Battle in Seattle Movie Review
I have lived in the Seattle area for over twenty years, and was in high school when the WTO conference was held in December of 1999. I was in high school, but not yet interested in politics or economics. Hell, it would be another three years before I truly got into the issues of free trade, economic growth and political divisions. So, when the riots broke out, I remember being fascinated by them, not for what they represented but because, for a rare time, Seattle was in the worldwide spotlight. I remember even considering going to downtown to see what all the fuss was about, until one of my school acquaintances showed up in class with red eyes and said he'd been tear-gassed.
Battle in Seattle is now on DVD, and while I equate that term with the now-defunct rivalry between my alma mater Western Washington University and the far inferior Central Washington University, I was looking forward to seeing a rare film that focuses on one of the most exciting moments in Seattle history. By the way, most of the movie was shot in Vancouver, British Columbia.
Battle in Seattle is an ensemble film that looks at the coordination of several of the head protesters, the police officers on the front line, the mayor's office and those affected within the WTO. Directed by rookie Stuart Townsend, the movie has an impressive cast, including Martin Henderson, Michelle Rodriguez, Woody Harrelson, Jennifer Carpenter, Andre Benjamin, Ray Liotta, Connie Nielsen, Channing Tatum and Townsend's wife, Charlize Theron. The lucky bastard.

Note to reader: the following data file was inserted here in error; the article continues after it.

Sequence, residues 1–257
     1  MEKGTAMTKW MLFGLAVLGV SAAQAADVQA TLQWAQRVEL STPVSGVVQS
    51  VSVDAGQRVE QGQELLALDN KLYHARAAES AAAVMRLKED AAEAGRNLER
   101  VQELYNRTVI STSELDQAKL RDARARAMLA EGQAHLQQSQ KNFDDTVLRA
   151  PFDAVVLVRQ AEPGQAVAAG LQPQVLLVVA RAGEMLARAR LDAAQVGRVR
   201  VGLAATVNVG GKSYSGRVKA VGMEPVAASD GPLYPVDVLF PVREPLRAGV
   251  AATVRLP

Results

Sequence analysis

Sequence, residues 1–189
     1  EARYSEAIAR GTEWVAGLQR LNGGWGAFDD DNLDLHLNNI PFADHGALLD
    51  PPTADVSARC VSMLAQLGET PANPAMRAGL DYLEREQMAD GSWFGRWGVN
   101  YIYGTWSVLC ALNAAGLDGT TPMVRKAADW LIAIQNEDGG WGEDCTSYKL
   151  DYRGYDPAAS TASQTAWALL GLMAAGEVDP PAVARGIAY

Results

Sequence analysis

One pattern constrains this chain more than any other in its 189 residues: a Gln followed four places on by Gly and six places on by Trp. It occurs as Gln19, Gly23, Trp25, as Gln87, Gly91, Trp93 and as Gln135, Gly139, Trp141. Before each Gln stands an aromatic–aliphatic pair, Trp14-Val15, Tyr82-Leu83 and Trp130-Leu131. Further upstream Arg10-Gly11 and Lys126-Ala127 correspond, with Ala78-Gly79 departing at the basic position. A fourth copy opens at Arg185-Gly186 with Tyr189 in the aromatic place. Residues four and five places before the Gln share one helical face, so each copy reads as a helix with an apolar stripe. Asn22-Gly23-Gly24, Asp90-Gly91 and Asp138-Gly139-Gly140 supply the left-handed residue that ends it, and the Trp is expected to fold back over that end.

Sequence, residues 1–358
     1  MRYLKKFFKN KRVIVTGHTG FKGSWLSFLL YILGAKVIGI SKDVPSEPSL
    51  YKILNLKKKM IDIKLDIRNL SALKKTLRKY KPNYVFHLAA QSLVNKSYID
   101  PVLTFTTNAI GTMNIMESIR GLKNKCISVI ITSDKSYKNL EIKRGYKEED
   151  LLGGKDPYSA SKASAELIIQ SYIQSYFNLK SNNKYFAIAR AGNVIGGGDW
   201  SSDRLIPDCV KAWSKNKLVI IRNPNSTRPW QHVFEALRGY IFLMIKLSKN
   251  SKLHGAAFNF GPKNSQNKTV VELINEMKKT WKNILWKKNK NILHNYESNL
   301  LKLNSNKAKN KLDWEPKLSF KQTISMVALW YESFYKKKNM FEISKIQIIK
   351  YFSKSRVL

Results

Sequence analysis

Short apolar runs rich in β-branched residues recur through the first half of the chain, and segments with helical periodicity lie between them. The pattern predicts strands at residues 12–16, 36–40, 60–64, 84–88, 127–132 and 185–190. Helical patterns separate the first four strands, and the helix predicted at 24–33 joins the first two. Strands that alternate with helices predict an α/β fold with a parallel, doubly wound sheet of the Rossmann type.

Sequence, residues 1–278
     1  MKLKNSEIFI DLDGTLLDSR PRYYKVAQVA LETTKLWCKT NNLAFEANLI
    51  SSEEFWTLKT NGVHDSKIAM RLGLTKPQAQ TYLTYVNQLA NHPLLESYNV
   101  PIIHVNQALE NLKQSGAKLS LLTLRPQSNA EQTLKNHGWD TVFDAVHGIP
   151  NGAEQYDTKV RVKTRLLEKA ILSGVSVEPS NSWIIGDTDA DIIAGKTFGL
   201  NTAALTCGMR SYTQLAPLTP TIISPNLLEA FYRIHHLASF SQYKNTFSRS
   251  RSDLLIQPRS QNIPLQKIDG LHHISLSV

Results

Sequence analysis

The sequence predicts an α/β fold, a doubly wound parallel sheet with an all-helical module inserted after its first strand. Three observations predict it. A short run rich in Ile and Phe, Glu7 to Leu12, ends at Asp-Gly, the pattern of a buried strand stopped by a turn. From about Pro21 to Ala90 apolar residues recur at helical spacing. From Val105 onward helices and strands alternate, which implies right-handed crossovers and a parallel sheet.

All of the actors deliver good-but-not-remarkable performances, though the film is very plot-based. Battle in Seattle feels like a lesser United 93, as it looks at the logistics that went into the protests on both sides - or all sides - of the conflict. Character development is an afterthought, and this is problematic; Townsend seems to shy away from making a stance, or at least developing complex enough characters where we can decide for ourselves. Ultimately, the characters are bland and uninteresting.
The bigger problem with Battle in Seattle is that unlike United 93, it does not show the logistical plans of the various sides very well at all. United 93 was a tense, complicated and intriguing drama that seemed to show 30 different things going on at once; Townsend has trouble with just a couple. While he provides some insight into the protester strategies, the scenes are largely superficial. The movie jumps into the riots so quickly that the police strategies and mayoral policies are hardly given a thought, even though their lack of preparation led to major criticism following the conference.
The movie is still interesting, and has a nice look and feel to it. Townsend does a good job of intermixing real footage with his dramatized version, though he seems torn between personalizing the film and showing what truly happened. The result is a mixed and incomplete product.
For Townsend's first directorial work, Battle in Seattle is an OK debut - but he has a lot to learn. Those interested in the subject may want to take a look, but everyone else can skip this entry.
Review by Erik Samdahl unless otherwise indicated.